This time last year, the New York Giants had just wrapped up a 9-7 regular-season campaign. They were in the middle of an unlikely playoff run that would culminate in their second Super Bowl championship in five years.
This year, the team fell short of reaching the playoffs after posting the same record, hampered by losses in key games late in the season.
What caused the Giants, who once again jumped out to a 6-2 record, to play so miserably down the stretch? Why did a team who had always been characterized as big-game prizefighters come up so small when it mattered the most?
We've highlighted seven key flaws and moments that led to the ultimate disappointment for the New York Giants.
The Giants' defensive game plan during their recent stretch of success has been reliant on their front four pressuring the quarterback. Their ability to attack the passer without designed blitz packages allowed them to drop more defenders into coverage, masking some of the deficiencies of their secondary.
However, this season, the defensive line was kept much more bottled up by opposing teams, only registering 33 sacks to last year's 48. Jason Pierre-Paul fell 10 sacks short of last year's production, from 16.5 to 6.5.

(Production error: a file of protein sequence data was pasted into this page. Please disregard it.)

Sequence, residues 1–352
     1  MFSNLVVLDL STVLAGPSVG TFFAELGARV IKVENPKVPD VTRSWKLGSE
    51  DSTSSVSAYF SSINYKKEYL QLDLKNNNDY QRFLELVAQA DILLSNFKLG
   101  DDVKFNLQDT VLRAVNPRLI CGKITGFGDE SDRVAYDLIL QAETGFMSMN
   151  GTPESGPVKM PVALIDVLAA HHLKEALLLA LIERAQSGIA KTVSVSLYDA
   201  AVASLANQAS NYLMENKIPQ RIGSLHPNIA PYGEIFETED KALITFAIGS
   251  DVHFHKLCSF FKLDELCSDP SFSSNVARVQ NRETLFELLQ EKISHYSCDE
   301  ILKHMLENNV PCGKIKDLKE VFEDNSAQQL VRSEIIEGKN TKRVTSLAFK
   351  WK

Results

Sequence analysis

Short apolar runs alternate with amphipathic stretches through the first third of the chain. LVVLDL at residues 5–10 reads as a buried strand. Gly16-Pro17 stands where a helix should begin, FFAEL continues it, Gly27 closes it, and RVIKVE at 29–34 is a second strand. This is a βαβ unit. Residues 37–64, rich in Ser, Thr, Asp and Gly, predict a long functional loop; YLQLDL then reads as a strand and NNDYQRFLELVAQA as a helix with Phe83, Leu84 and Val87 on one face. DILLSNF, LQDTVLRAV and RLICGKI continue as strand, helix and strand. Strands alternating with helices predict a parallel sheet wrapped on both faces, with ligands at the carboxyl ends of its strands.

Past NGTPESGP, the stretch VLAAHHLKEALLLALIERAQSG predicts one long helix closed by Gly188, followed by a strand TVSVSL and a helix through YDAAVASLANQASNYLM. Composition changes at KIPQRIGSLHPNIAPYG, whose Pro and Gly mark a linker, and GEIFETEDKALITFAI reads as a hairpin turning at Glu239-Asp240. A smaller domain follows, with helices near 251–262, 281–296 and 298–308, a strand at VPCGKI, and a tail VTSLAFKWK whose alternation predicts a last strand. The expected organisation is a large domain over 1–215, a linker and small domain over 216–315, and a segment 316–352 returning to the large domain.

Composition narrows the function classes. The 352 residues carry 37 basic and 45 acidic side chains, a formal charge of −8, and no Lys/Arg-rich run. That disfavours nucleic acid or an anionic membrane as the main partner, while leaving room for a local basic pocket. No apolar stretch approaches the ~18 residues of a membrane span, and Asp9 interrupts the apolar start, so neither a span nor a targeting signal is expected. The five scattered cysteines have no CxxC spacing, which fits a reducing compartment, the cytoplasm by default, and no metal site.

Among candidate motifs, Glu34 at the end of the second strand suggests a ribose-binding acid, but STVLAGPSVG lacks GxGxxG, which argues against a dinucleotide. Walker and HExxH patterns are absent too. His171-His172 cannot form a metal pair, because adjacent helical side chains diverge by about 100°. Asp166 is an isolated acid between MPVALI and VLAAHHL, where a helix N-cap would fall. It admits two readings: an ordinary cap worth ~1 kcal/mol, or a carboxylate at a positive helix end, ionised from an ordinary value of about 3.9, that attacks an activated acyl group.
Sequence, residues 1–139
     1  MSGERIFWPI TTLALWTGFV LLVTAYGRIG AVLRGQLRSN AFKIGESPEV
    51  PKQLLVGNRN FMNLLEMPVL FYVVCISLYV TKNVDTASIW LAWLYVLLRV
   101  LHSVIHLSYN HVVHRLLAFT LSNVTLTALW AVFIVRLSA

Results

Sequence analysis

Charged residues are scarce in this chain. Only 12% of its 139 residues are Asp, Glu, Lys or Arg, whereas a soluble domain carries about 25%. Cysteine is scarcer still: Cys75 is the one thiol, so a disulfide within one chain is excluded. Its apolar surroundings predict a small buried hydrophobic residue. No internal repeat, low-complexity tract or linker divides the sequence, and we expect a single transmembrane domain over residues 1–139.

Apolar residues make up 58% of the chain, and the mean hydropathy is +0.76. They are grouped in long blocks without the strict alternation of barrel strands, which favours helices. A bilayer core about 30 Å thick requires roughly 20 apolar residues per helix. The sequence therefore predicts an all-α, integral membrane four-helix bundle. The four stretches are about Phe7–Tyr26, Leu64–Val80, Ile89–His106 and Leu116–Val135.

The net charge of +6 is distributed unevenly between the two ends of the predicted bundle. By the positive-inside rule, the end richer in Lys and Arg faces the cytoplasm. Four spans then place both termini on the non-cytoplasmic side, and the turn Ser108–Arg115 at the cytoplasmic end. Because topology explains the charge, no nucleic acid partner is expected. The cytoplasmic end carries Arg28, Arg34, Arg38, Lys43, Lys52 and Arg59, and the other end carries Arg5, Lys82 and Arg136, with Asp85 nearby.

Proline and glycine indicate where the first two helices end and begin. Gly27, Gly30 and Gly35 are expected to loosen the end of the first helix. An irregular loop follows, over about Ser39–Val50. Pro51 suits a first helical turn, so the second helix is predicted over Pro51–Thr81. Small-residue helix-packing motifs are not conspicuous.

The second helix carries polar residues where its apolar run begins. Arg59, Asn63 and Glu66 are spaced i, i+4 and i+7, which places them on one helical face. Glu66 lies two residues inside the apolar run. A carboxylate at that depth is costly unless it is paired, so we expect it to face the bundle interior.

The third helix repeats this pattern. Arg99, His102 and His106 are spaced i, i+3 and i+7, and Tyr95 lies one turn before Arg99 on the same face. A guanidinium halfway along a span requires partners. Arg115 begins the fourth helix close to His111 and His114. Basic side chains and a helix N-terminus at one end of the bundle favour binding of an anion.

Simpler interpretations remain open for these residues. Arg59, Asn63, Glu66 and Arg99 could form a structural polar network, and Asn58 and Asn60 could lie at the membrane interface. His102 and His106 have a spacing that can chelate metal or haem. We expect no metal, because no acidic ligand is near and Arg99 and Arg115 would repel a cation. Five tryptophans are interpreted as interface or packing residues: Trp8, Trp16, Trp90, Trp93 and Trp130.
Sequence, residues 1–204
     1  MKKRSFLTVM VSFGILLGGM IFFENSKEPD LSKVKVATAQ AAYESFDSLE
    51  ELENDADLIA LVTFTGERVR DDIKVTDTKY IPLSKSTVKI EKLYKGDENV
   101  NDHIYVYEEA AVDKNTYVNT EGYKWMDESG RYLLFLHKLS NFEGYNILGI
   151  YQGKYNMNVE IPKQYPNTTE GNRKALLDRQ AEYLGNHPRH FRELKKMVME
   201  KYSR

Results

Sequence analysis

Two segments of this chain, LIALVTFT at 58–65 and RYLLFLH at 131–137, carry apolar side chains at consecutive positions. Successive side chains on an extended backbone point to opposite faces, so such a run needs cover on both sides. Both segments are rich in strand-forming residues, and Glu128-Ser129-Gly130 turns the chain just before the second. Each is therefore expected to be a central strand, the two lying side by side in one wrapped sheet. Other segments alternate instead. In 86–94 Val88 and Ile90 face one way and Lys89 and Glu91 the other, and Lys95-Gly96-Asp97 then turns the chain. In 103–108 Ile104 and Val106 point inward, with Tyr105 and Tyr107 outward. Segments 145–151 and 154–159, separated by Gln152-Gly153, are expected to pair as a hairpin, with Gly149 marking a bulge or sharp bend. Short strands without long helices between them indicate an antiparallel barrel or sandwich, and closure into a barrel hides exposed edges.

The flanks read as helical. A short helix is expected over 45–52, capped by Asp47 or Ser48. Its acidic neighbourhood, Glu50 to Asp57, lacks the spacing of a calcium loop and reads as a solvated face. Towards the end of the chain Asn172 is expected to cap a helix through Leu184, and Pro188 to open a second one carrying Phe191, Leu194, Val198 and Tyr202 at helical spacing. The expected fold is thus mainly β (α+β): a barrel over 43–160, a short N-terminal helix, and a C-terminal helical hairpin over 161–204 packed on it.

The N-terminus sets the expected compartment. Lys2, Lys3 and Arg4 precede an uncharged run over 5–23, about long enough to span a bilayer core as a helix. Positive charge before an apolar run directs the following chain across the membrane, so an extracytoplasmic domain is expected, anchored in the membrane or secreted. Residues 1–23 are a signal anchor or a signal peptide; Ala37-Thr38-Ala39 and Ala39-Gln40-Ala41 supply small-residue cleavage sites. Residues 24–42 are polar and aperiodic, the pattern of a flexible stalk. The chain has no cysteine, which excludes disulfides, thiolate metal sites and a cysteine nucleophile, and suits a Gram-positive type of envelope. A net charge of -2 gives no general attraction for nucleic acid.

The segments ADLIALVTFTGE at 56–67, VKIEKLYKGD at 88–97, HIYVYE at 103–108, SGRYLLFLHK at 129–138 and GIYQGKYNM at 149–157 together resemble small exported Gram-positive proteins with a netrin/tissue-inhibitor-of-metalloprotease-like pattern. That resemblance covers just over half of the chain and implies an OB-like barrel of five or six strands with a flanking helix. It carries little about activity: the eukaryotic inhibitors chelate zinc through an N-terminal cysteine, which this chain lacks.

Justin Tuck, once an elite pass-rusher, has certainly entered the twilight of his career. Only two years removed from an 11.5-sack season, his last two seasons have seen him miss time to injuries and average only 4.5 sacks.
Tuck's issues, along with the potential loss of Osi Umenyiora to free agency, must be addressed if the Giants plan to feature a dominant defensive front.
Just when you thought you had seen the last of bad Eli Manning, he comes back.
After another another miracle play in a Super Bowl that had the offseason discussion revolving around Manning's place in history and potential bust in Canton, he showed flashes of the player that frustrated Giants fans early in his career.
A three-game stretch in the middle of the season without throwing a touchdown forced him to address rumors of arm fatigue with Jorge Castillo of the Star-Ledger: